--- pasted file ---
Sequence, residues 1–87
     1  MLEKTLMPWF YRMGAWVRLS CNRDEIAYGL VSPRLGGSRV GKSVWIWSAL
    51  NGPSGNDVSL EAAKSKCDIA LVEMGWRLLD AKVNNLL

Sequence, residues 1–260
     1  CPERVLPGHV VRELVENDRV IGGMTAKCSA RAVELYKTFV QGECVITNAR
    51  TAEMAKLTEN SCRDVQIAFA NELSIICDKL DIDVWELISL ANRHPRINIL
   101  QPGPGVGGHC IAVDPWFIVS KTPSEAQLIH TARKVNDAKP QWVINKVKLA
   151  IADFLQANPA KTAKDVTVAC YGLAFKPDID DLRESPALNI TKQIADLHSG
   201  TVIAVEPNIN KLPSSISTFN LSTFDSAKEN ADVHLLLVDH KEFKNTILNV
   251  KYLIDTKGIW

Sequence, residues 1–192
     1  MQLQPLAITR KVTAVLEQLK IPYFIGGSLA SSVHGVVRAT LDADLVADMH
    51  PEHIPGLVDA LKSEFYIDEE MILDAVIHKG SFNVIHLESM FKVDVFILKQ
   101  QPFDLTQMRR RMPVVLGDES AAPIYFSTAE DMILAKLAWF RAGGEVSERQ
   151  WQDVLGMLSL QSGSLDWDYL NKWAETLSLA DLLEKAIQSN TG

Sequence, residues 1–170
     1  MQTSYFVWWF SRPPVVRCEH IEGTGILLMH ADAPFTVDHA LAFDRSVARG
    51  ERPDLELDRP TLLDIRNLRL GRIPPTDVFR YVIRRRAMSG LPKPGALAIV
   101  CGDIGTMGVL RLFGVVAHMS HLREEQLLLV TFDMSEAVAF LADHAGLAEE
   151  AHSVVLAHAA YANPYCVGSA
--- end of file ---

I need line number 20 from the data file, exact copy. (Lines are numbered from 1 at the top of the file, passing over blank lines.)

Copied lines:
   151  AHSVVLAHAA YANPYCVGSA